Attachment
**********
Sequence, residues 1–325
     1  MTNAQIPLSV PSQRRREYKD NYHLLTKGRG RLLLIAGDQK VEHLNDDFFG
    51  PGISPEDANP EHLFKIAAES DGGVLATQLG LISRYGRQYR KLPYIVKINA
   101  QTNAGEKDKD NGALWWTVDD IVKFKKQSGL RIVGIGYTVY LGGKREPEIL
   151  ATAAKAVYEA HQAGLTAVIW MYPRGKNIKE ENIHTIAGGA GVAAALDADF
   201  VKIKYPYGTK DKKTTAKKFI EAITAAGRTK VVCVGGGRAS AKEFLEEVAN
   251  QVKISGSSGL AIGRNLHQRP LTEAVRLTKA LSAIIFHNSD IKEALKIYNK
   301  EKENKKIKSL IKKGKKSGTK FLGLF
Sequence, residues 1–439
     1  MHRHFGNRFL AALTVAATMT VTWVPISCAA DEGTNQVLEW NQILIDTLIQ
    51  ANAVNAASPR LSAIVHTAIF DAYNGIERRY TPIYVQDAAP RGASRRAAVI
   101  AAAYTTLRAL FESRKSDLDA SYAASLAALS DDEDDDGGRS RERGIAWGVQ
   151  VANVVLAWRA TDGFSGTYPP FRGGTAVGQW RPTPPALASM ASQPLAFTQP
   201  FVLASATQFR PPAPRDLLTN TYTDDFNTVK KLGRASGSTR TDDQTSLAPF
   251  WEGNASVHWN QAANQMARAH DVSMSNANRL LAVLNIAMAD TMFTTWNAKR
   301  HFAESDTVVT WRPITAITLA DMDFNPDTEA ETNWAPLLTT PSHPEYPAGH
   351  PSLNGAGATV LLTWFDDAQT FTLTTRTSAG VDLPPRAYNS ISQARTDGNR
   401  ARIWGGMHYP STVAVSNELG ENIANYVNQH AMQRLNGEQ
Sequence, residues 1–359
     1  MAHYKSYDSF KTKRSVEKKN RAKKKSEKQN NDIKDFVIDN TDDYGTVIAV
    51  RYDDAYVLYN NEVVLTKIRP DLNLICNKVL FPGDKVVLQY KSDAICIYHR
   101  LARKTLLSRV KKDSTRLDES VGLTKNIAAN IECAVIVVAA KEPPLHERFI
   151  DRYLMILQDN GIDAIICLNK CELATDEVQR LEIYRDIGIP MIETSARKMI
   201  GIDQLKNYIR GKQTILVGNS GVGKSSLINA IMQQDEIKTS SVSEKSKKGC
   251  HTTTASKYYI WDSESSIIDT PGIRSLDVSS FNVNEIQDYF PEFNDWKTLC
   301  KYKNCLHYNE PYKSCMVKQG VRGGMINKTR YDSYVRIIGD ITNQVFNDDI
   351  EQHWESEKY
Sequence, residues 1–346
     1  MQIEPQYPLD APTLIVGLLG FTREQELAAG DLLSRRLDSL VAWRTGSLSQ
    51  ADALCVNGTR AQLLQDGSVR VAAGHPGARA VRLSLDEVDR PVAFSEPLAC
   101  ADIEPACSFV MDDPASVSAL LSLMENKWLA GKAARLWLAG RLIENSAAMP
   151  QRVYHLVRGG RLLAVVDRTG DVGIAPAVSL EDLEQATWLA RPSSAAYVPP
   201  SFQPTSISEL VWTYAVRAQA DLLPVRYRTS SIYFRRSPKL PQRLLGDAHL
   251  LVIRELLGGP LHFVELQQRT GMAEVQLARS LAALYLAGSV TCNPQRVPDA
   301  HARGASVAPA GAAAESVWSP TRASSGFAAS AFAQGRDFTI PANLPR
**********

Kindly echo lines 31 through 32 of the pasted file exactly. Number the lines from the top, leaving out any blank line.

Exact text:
   101  ADIEPACSFV MDDPASVSAL LSLMENKWLA GKAARLWLAG RLIENSAAMP
   151  QRVYHLVRGG RLLAVVDRTG DVGIAPAVSL EDLEQATWLA RPSSAAYVPP